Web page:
Love bade me welcome,
adopting a Black Power fist
with terrible conviction:
yet my soul drew back,
a study in trite ballerina glamour,
with fixed smiles and no sense
either of powerful wings or
fingertips that give off sparks,
guilty of dust and sin, trailing pieces
of cardboard and black drawstring bags.
But quick-eyed Love, in a blond wig,
with blue false eyelashes attached
to his lower lids, observing me
grow slack in rapid, jerky trajectories
from my first entrance in,
drew nearer to me, sweetly questioning
if I lacked anything. Her staccato use
of her head and the mighty wing beats
of her arms gave weight
to the drama.
“A guest,” I answered, “worthy to be here”:
Love said, “You shall morph into a jokey,
sinister figure with slinky, sexualized movements..”
“I, the unkind, ungrateful? Ah, my dear,
I cannot look on thee.” The fur dress
she crawled into, which rattled as she moved
and pulled her off balance, was a marvelous prop.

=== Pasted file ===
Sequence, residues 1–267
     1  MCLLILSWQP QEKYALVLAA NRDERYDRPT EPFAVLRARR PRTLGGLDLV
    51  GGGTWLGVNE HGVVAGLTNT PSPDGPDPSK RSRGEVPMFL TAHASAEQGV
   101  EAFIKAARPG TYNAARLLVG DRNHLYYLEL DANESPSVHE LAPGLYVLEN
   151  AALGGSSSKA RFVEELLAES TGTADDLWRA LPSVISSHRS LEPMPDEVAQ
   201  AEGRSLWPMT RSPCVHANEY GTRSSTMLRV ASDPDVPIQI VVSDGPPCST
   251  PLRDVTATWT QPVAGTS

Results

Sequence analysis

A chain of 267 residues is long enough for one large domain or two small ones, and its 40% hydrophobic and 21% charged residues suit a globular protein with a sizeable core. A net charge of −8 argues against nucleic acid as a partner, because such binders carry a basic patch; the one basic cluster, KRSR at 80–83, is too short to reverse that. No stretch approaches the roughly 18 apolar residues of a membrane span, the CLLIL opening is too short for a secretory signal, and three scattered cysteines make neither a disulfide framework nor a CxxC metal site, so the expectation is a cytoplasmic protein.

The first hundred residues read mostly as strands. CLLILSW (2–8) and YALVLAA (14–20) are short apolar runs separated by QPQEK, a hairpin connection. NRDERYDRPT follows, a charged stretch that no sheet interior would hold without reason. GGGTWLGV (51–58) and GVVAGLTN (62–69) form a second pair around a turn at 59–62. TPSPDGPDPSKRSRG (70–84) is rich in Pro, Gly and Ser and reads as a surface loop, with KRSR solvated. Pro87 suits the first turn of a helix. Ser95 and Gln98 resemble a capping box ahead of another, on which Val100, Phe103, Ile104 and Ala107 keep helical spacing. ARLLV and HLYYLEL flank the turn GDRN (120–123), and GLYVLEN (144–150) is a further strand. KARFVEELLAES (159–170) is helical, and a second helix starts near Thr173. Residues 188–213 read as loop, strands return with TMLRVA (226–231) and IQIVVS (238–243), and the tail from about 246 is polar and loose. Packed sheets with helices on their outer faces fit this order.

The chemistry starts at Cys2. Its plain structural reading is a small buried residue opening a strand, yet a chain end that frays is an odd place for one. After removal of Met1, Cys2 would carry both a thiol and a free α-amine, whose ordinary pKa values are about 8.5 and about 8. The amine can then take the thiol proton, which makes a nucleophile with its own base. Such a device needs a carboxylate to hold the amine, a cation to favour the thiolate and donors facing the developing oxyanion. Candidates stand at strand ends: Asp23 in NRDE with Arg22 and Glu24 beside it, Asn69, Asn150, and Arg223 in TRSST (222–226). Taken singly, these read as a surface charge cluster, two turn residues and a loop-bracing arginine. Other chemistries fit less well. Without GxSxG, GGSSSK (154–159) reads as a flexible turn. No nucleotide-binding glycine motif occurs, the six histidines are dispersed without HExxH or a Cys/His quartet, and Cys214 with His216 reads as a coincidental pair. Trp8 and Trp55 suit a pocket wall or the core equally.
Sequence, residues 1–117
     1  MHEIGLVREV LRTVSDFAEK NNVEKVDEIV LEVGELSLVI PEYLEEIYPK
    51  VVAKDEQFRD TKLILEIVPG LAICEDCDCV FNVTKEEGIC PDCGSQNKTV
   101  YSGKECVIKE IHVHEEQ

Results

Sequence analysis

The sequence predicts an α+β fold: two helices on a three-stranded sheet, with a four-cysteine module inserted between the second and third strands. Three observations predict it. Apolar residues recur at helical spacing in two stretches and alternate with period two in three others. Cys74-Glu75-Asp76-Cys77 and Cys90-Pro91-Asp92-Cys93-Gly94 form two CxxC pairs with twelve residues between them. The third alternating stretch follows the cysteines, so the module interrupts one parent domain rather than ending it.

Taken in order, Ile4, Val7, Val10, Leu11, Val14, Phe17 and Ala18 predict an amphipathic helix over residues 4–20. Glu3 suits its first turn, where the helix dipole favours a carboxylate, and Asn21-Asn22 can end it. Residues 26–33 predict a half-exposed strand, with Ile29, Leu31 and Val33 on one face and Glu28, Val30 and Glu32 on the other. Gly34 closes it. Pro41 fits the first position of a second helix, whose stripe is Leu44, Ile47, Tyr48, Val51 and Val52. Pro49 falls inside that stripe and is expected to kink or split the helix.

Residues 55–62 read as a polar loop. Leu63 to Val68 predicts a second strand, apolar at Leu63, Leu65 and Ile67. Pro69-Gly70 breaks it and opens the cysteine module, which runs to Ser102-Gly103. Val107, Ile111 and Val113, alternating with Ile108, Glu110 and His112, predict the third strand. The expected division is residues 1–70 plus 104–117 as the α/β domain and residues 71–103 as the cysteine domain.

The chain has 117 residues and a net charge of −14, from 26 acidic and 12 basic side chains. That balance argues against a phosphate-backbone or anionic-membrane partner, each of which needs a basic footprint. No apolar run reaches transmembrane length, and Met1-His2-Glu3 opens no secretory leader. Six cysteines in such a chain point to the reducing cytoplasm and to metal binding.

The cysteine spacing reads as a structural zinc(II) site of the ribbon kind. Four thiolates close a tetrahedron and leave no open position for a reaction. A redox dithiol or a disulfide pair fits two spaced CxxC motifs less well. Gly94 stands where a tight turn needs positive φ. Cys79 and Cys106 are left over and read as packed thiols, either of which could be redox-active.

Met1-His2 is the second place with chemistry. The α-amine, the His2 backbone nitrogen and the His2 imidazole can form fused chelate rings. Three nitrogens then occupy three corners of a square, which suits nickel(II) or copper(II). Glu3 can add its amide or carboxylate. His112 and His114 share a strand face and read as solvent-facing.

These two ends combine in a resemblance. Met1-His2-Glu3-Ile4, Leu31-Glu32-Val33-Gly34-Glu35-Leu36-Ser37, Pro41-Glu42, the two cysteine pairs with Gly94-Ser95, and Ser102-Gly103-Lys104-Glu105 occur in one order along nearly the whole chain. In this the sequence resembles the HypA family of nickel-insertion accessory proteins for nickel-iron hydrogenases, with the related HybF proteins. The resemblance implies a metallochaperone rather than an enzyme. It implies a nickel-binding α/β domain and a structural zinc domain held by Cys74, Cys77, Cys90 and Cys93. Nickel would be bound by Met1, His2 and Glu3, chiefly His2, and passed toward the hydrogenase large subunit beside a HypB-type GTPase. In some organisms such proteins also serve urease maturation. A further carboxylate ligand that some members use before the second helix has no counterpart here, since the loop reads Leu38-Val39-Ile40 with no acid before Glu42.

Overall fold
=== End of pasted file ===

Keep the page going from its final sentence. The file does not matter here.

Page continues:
Love took my hand, and smiling did reply,
“Who made the eyes but I? Let’s try
not laughing for a change.”
“Truth, Lord; but I have marred them; let my shame
go where it doth deserve.” Suggestions of real pain
remained safely hidden in the pop song sentimentality
and running mascara. And when the walnuts inside it
flew out, that was a fine bit of theatrical whimsy!
“And know you not,” says Love, “who bore the blame?”
As always, his gawky elegance is entrancing —
giving way to wiggles that crinkles his arms
like a silken accordion.
The palm tree and giant swan,
also cardboard, are slowly wilting,
“My dear, then I will serve.”
The only effrontery left
was the effrontery of dullness.
“You must sit down,” says Love,
donning a mask with red beard
and multicolored afro ,”and taste my meat.”
Then he went into a fervent lap dance
for a blow-up Prince Charming doll
tied to a seat in the front row.
I thought I heard the flapping wings
of the Owl of Minerva, or a
kittenish duet, all wrist flicks
and shoulder rolls. It was like boxing
with the divine.
“Let’s try not laughing for a change.”
So I did sit and eat.
4 thoughts on “Love IV”
What would Simone Weil think of this?
That's not a very good litmus test for my work. What would Simone Weil think of anything that I have written?
I bet she'd like “Vulval Implosion.” I always feel Christ's presence after reading that.
No, seriously, she should admire your work. It's brilliant and readable.
Why, thank you!